As I spring-clean into the summer, trying to get some space and sanity, I allow myself to be fooled by the internet in that almost everything I have on the shelf is easy to get online and my copy can therefore be given away. Of course, this is only true if you like immensely popular things or are old and rich.
It is especially untrue when dealing with art films, as you get screwed by movie websites who have no interest in taste or style and now they've killed all the video stores in your town.* However I have successfully goodwilled many great but easy to find films from the 60s and 70s, posters that I realized don't really look that great, and some comics and books in favor of PDFs.
You find yourself making special rules for stuff to keep. Sentimental reasons. Things that remind you why you try to be creative. Things that make you laugh. Or things that you are certain you have the very last copy in the universe of, and you are the greatest self-taught librarian ever. This is what my essential shelf is, all those things that are actually special to me, with some very select new things.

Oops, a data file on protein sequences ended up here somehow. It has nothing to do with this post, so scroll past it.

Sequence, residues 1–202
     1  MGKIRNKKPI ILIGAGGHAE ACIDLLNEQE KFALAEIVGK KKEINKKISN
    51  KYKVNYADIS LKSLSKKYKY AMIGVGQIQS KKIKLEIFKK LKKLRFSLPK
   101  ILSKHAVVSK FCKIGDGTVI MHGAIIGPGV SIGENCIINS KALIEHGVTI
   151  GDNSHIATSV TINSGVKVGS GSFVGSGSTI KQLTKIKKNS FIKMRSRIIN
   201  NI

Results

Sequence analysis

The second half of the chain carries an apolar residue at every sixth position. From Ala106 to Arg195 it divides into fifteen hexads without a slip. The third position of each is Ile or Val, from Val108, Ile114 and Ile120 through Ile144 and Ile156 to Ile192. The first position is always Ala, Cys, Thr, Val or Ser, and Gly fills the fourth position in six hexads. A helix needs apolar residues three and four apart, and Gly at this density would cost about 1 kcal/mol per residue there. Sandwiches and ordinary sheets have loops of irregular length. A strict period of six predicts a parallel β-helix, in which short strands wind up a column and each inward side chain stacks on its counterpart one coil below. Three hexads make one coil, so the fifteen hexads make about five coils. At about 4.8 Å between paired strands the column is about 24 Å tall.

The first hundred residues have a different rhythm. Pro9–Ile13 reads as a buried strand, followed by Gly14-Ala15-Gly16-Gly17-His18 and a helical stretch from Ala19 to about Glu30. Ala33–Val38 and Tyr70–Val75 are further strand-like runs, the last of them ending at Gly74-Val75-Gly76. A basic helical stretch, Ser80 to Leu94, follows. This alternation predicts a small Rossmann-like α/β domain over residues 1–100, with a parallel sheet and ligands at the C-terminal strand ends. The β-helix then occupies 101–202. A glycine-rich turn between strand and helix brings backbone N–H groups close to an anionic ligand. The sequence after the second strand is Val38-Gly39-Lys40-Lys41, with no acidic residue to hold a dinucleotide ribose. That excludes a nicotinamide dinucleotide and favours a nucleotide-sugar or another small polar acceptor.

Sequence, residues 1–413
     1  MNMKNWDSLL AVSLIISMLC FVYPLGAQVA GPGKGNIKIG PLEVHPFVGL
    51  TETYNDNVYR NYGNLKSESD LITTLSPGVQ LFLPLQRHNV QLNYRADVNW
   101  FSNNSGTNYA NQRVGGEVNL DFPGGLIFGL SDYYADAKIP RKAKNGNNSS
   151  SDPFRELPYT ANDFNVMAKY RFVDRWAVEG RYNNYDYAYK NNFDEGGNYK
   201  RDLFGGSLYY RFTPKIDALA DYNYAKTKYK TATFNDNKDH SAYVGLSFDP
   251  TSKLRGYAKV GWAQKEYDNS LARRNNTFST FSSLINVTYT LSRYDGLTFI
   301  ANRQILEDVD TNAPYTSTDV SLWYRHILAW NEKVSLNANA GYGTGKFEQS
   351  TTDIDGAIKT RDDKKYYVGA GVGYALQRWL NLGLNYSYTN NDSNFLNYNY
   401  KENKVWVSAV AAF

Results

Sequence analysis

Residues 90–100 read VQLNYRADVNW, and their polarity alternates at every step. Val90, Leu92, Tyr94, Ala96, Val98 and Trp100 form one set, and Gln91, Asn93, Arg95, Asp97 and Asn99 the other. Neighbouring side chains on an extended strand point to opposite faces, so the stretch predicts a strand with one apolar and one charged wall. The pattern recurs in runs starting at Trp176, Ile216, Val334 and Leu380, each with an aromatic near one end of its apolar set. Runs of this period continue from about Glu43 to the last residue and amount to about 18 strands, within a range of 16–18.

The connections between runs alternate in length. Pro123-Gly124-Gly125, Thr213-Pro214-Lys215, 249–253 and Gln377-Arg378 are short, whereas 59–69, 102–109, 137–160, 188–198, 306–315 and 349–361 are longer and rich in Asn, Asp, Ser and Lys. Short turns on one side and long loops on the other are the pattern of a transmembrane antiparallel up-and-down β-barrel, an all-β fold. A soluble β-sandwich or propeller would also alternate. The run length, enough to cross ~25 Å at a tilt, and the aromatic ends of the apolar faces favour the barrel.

The FACES book meets all the criteria - funny, sentimental, inspiring, timeless. I haven't come across another film adaptation/script book like it. If you can find it (and its probably only a dollar) - grab it quick.
A book of the original screenplay on one side, compared with the final film on the other side, considering shots and dialogue. I love how even the equipment is listed.
If anything thought Cassavetes and crew just showed up and dicked around until they got something, they're wrong. The film might feel like real life, messy and haphazard, and they experimented when writing the script, but these are men and women at work, professionals in craft. So much that they analyze the changes in their process from script to film.
"With 16 pages of photographs."
And another nice discovery - where can I find THE LAST MOVIE novel?!?
*Of course, there are good websites that do care about movies, like Mubi and Fandor.